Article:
Rwanda’s critics abroad are candles in the wind

Of Rwanda and her critics abroad, I’ve often mused that regardless what President Paul Kagame’s government does or doesn’t do, says or doesn’t say, thinks or doesn’t think, gets involved or doesn’t, they will always be criticized for it all. It’s a lucrative career to some.

And those career critics have been busy in the past couple days, following the court decision to acquit the wannabe opposition politician Diane Rwigara and her co-accused, of crimes related to abuse of electoral laws and inciting insurrection against a legitimate government. 

When they were in incarceration, Kigali’s career critics abroad, as expected, lashed out at the administration, accusing it of stifling dissent and lambasted the courts for lacking the independence to free the wannabe opposition politician and her co-accused. 

Then, boom! The same courts that had been accused of lacking independence, ruled in favour of the accused, acquitting them of all charges on grounds that the prosecution failed to prove their case beyond reasonable doubt. 

But careers must thrive. So, a new argument had to be found, immediately. On Wednesday, I watched with amusement as Foreign Affairs State Minister Olivier Nduhungirehe, was asked a silly question relating to the court decision, by VOA’s Focus on Africa host Shaka Ssali.

Mr Ssali wanted Ambassador Nduhungirehe to comment on possibility that President Kagame had instructed the court to acquit the accused, in a clear attempt to ‘light the candle in the wind argument’ that Rwanda’s judiciary was not independent.

Speaking to VOA via Skype, one could tell that Ambassador Nduhungirehe was disappointed by the quality of questioning from a journalist many of us have grown up watching, hosting the Focus on Africa show; the poor question didn’t reflect his rich experience.

As expected, the Ambassador patiently explained how governments in democracies are structured, built on three pillars of the Executive, Legislature and Judiciary and that the three arms are independent of each other as evidenced by the court decision in favour of a person that is publicly opposed to the executive administration of the country.

With his tactless question blown away like another candle in the wind, Mr Ssali reverted to the favourite attacking line of Kigali’s career critics abroad, the accusation of lack of freedom of expression in Rwanda. It was a timely jab that was welcomed by perfect defense.

With a chuckle, Ambassador Nduhungirehe informed the journalist that, the next morning (Thursday) Rwandans from around the country would be participating in the annual national public dialogue (Umushyikirano), an organised platform where the government accounts to the public and receives feedback (positive or negative) from the citizenry.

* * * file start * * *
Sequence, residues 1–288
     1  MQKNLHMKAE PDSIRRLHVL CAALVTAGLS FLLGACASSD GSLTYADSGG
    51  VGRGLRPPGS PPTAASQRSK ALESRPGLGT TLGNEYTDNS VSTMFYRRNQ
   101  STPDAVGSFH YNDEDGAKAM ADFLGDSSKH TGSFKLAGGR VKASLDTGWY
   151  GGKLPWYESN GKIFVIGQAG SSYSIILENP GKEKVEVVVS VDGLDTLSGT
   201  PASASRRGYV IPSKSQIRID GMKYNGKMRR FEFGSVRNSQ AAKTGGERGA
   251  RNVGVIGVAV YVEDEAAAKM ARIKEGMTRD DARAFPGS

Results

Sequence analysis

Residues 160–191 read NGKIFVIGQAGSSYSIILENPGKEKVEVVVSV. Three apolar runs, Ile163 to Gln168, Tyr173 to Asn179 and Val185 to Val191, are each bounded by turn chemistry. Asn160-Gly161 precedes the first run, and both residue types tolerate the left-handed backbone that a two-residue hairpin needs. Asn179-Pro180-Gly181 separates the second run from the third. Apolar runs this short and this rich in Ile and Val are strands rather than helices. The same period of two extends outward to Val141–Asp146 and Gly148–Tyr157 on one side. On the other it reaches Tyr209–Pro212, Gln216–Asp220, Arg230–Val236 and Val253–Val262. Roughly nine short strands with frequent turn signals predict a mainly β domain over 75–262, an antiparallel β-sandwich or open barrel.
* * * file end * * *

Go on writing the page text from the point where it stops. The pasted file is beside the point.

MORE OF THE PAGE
The moderator had also overlooked evidence on his own show, that the Minister was being co-hosted alongside the younger brother to the acquitted wannabe opposition politician, who, throughout the show, vented out harsh criticism including serious criminal allegations.

As I followed this year’s Umushyikirano from Thursday to Friday, I made the observation that Rwandans have freedom of expression only that they choose to use it, to express praise for their government, for things they believe, are success stories in their day to day lives.

You might have heard that old lady’s testimony as a widow who, after losing her husband in 1999, she has been liberated from extreme poverty thanks to government initiatives such as Vision 2020 Umurenge Programme (VUP) and the Girinka initiative, which she praised.

In a world dominated by corrupt and incompetent governments, Rwandans are lucky to have one that works and delivers on most of its responsibilities, hence the heartfelt praises it often receives from the citizenry, whenever given the opportunity, at platforms like Umushyikirano.

But to Rwanda’s career critics abroad, such praises to the government they love to hate, must be extremely frustrating because in their ideal world, freedom of expression should mean a situation where the citizenry uses social media and other available platforms to insult their leaders including through derogatory nicknames. That, apparently, is freedom of expression!

I remember a heated debate we had on this subject, while I was a student of International Communication at the prestigious Communication University of China, in Beijing. The University had invited President Jimmy Carter’s former speech writer and Author, James Fallows to engage in an intellectual debate with our class.

At some point in the exchange, Mr. Fallows tried to compare freedom of expression in USA with the situation in China. He pointed out that in USA, Americans have the freedom to criticize and say anything about their leaders and that, China should aim to achieve the same for Chinese.

In what I thought was a brilliant counter to Mr. Fallow’s jab at Chinese freedom of expression, a student whose name I don’t remember said; the Chinese have the freedom not to criticize and shame their leaders in public, just as you Americans have the freedom to do otherwise.

Because their government works and delivers on their needs, Rwandans should be allowed the right to use their freedom of expression to praise their leaders and the absence of public insults to leaders as is the case elsewhere, shouldn’t mean absence of rights and liberties in Rwanda.

To Rwandan leaders, the only feedback that should matter, most, is feedback from the Rwandan citizen for their satisfaction only renders, as candles in the wind, Rwanda’s critics abroad, whose rants are often ill-informed and out of context.


The views expressed in this article are of the author.